Fun fact: the Abyssinian is a highly social cat that does best when matched with another cat - or dog - to help alleviate boredom.



Now the exotic striping on this next feline may have you convinced that she has tiger blood running through her veins but the Toyger (named for her mini tiger appearance) is actually just a cross between a Bengal cat and a standard tabby. Careful breeding ensured those “mackerel” stripes synonymous with a tabby cat were heavily accentuated. And with that deep orange base coat and ultra-dark stripes, it’s easy to see the jungle cat connection. But no, this friendly, highly social breed is just an amped-up tabby that gets along well with kids, other cats and even dogs. She’s also highly intelligent and loves nothing more than receiving new toys she can bat around or be challenged by her humans. In fact, this active feline can even be coaxed into a game of fetch if the mood strikes. Landing within the 10-to 15-pound weight range, the Toyger is around the same size as a domestic housecat and with minimal health issues (heart murmurs are a rare possibility) she’ll enjoy the same long lifespan as well - typically 15-plus years.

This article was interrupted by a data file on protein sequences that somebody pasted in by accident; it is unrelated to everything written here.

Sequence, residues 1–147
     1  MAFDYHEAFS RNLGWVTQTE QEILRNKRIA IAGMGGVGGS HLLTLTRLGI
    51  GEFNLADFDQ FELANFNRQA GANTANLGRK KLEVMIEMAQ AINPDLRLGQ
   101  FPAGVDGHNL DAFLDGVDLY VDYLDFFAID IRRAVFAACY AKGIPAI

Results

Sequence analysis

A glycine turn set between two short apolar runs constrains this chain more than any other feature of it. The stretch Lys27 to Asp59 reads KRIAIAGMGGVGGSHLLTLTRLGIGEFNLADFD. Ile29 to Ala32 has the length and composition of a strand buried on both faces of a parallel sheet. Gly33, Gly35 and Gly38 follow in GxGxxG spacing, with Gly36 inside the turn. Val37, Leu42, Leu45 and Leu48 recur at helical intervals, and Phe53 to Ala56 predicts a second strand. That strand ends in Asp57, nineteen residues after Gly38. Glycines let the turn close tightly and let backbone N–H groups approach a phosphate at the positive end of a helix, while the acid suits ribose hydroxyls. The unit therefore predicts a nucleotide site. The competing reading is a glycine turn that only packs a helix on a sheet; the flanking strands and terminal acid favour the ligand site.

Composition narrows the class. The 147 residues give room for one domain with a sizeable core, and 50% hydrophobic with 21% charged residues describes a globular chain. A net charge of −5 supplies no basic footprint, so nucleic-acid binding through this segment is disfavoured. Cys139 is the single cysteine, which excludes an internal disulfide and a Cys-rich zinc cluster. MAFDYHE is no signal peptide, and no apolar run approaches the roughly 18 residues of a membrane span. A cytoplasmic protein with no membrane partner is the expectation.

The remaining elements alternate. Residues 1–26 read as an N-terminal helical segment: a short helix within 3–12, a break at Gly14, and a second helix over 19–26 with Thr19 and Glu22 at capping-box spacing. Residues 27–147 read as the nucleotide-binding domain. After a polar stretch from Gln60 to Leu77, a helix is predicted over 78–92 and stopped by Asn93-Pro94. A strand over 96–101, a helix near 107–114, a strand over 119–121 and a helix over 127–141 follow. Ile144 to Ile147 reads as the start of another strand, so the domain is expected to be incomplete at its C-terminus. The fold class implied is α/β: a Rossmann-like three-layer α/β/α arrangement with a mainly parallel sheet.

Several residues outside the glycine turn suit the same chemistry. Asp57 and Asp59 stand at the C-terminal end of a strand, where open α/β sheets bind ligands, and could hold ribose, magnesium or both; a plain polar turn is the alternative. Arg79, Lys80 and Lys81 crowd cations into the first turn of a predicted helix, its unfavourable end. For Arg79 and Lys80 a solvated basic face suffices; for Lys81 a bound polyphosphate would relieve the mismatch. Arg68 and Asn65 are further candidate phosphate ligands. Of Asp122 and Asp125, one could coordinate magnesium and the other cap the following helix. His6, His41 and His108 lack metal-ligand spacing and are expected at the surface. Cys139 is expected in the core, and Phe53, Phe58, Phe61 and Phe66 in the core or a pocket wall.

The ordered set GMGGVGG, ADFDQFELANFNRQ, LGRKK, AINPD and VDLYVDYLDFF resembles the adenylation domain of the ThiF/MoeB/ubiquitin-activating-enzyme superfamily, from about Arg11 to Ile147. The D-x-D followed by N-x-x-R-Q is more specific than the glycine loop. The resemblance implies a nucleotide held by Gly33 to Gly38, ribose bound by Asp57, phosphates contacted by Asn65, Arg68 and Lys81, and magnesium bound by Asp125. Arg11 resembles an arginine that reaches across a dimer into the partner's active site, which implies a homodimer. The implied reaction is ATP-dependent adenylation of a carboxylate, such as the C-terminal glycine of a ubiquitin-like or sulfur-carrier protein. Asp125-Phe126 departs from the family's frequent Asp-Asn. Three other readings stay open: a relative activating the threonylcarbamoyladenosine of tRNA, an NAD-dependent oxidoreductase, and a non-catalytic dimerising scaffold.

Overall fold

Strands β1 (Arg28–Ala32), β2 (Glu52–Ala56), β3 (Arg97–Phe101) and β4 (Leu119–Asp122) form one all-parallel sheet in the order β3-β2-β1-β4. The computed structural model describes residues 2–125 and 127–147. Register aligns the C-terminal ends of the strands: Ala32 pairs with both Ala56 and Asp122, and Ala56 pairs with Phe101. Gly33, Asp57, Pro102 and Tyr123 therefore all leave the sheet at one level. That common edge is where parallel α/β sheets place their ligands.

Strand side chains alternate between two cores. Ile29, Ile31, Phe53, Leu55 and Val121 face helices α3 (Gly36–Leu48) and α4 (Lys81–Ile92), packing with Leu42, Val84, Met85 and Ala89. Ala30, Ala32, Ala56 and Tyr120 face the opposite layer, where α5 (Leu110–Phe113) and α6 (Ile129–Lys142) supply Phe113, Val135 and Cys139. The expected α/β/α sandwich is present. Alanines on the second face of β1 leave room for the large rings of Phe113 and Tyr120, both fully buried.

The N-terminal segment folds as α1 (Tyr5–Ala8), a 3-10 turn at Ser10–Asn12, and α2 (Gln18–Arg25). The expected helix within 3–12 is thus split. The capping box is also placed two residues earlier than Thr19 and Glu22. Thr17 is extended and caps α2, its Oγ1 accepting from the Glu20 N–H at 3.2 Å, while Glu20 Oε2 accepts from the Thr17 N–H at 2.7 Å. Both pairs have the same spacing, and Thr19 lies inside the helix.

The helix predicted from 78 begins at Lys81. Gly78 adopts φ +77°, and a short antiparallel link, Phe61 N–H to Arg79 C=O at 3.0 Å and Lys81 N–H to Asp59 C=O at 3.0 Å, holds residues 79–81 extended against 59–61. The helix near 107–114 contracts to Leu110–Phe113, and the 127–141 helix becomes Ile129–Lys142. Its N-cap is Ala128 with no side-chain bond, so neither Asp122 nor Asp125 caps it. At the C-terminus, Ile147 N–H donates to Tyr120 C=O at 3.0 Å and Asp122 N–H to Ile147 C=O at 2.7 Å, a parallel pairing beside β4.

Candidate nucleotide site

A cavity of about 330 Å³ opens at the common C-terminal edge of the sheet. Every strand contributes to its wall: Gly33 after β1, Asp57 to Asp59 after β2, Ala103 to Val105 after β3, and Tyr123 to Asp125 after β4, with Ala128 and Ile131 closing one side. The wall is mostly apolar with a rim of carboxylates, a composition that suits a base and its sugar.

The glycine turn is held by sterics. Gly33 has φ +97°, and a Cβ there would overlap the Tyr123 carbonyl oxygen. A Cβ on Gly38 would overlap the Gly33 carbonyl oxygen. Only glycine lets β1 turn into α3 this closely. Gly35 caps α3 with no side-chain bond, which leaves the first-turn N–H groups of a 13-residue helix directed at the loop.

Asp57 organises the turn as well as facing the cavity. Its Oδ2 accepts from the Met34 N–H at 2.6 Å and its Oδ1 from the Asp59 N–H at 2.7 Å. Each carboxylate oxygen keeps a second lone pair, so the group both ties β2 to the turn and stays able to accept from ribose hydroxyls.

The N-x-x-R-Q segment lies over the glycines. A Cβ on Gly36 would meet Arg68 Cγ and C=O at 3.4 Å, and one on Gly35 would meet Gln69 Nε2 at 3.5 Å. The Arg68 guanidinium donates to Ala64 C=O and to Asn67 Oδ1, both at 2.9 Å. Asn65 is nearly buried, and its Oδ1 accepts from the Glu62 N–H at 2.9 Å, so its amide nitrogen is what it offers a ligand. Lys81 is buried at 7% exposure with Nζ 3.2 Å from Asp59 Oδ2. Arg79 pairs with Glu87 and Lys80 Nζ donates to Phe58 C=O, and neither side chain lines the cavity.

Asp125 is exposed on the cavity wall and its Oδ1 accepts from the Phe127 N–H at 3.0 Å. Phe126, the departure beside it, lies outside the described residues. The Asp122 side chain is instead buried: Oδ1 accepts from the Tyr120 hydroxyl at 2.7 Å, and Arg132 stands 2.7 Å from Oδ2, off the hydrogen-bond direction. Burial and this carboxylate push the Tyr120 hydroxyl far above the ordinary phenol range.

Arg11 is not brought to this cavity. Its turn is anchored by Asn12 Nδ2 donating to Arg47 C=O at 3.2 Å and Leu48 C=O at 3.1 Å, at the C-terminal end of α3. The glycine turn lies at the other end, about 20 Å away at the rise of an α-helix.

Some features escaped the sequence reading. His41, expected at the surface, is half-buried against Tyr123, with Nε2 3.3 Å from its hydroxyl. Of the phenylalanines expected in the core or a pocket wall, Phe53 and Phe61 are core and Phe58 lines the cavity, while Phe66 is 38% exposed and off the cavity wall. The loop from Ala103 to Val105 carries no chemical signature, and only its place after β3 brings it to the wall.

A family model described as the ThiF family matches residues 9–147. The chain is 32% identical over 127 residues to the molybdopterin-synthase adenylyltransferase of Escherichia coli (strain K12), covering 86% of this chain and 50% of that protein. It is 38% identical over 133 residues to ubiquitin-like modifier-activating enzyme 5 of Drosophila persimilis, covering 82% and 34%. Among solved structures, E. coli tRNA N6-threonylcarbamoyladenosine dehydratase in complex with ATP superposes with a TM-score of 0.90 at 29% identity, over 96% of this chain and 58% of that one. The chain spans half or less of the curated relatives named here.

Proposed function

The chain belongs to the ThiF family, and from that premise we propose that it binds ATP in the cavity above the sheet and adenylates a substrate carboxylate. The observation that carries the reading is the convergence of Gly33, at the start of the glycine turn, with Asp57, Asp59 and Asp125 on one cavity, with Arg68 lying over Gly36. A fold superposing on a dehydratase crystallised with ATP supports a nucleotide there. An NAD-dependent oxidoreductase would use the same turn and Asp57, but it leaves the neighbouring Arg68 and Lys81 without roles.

Fun fact: the outgoing Toyger is ready and willing to walk on a leash.

Chanita Chokchaikul/Shutterstock

Exotic Shorthair

If you’re looking at this cat and thinking “where have I seen that face before”, it’s likely because the Exotic Shorthair is a short-haired version of the classic Persian. While it still features the iconic flat face as well as the calm, gentle personality, the Exotic Shorthair is much more self-sufficient when it comes to maintenance and prefers to do her own grooming, thank you very much. Don’t be fooled, this super-chill feline with the perpetual look of boredom is actually quite inquisitive and downright energetic when play happens. And this breed is a known people-lover that hates to be left alone. She’s quite adaptable when it comes to accommodation and enjoys the company of other cats and even dogs. From a health standpoint, all flat-faced cats and dogs face respiratory issues due to the short nasal passage and with the Exotic Shorthair, she can also be prone to weepy tear ducts that can stain her face. She’s the same size as a standard housecat – weighing between 10 and 12 pounds - and will enjoy a lifespan of up to 15 years or more. Fun fact: Some Exotic Shorthairs may carry the recessive, long-hair gene from their Persian makeup. This means there’s a 1 in 4 chance that one of their kittens will be born with long hair.

Mary Simpson
Mary Simpson

Sharing space with three seriously judgy Schnoodles and a feline who prefers to be left alone. #LivingMyBestLife